I think happy thoughts


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Breathe

Breathe- this seems like a simple thing to do. We all breathe or we would die. However, we don’t all take time to stop and focus on our breath. What does that mean? Taking the time to really breathe and let yourself just “be” is one of the best ways to ground yourself.

At times when your mind starts to fill with thoughts and plans and things that need to be done, taking a step back and just focusing on your breathing can help you gain control. You can try it at any time. Challenge yourself to spend a whole minute on breathing. Set a timer so you don’t have to worry about keeping the time. The first time you try it is hard but it does get easier.

Trying to find a few minutes each day to just sit and “be” is not always easy. “Being” and not doing is hard for people who are so used to multitasking and running from task to task never taking a break. Minds often start to wonder and think about other things. That’s not a bad thing but try clearing your mind and just focusing on the breathing.

A person who has practiced breathing can use it in many situations. Grounding yourself in the present can be helpful for reducing stress and increasing your ability to concentrate on one task. Often, focusing on so many different things at once means that none of those things gets our best work.

Breathing can also be the one thing that saves a person from losing their temper. When a discussion becomes emotionally charged, responses seem automatic and are often not ones we like. When a person is able to take a breath and think before letting an automatic response take over, then that person has more control. The response can be more rational and planned instead of automatic. Then the situation can be diffused or dealt with in a way that doesn’t lead to regrets.

One of my favorite benefits of breathing is that you get time to be with yourself. You can appreciate just being you. You can clear your mind of all other thoughts and just relax. Even a few minutes each day is restorative and can help you feel more ready to deal with whatever else you have to handle during that day.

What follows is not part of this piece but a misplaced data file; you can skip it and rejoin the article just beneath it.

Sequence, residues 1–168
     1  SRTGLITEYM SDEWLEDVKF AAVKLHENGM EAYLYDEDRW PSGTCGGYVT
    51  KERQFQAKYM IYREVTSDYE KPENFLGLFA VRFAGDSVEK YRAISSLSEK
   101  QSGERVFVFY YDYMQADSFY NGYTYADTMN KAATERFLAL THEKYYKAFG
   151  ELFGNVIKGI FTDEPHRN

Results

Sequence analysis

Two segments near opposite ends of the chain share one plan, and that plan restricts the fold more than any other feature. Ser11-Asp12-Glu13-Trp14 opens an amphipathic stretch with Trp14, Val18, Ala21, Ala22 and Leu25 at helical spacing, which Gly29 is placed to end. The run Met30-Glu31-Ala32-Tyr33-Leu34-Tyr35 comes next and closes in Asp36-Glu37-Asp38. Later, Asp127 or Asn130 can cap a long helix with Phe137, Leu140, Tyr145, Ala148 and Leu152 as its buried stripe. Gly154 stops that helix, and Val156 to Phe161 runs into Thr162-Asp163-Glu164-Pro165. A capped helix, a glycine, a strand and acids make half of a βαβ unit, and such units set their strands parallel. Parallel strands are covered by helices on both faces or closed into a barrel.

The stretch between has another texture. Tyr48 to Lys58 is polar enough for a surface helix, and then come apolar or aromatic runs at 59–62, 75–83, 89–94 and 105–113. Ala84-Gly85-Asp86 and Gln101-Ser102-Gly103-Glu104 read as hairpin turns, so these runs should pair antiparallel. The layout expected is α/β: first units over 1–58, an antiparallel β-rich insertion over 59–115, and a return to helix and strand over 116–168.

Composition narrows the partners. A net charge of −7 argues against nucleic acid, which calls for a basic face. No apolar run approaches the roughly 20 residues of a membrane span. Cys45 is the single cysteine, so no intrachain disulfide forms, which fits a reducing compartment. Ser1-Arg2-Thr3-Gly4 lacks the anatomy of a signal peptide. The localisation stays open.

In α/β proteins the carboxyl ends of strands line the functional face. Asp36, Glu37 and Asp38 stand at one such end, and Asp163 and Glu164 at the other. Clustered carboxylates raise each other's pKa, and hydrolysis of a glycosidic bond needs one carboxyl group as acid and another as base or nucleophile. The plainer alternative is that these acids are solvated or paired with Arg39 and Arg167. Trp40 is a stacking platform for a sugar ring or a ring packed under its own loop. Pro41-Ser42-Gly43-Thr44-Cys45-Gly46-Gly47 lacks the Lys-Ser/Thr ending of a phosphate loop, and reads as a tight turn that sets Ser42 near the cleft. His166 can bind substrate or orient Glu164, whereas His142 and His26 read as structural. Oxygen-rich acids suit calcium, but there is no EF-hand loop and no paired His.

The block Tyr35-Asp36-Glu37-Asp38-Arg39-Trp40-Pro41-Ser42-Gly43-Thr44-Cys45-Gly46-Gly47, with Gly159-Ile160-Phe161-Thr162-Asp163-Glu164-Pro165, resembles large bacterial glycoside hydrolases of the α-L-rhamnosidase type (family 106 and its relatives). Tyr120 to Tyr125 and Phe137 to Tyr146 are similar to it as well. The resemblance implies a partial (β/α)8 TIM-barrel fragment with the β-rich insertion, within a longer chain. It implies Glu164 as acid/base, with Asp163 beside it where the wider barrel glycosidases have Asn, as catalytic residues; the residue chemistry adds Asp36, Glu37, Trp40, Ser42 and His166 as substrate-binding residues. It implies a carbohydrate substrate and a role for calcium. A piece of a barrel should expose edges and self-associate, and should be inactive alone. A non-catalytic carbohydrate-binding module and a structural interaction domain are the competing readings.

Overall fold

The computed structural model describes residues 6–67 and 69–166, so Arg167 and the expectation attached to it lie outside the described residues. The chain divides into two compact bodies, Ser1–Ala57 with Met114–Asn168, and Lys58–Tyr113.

What is the best way to calm anxiety in children?

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Calming anxiety is not always easy but the first place to start is yourself. Children often pick up on the anxieties of the adults around them.  Children feel uneasy and anxious if the adults around them are anxious, upset, or angry. They often don’t understand what your anxieties are about and generalize it to themselves. This is especially true for very young children who often don’t see themselves as separate from their parents. Any feelings and emotions you display they start to take on as their own.

One way to start curbing this anxiety is to limit your child’s exposure to adult conversations and outside media like the news. Limiting their exposure can drastically cut back on the things that they worry about. It doesn’t happen over night but over time they become less involved in the adult world and start to worry less about those things that were drifting into their consciousness at too early an age.

For children who are by nature worriers, anxiety sneaks up quickly. Acknowledging their worries is important but don’t let them or yourself dwell on it. Address the worry and move on. Don’t let the child get stuck ruminating on the same topic over and over.  If you know that certain things usually cause anxiety for your child, you can also bring up ideas for how to deal with it ahead of time.  Then later that day when you encounter the situation, you can quickly remind your child of how to cope and move them along.

One last thing to keep in mind: always model for your child how you want them to behave. If you see a big bug and start to scream and yell about it, guess what your child will probably develop a fear of bugs. “Teach by example.”  By tackling your own fears you are helping yourself and your child!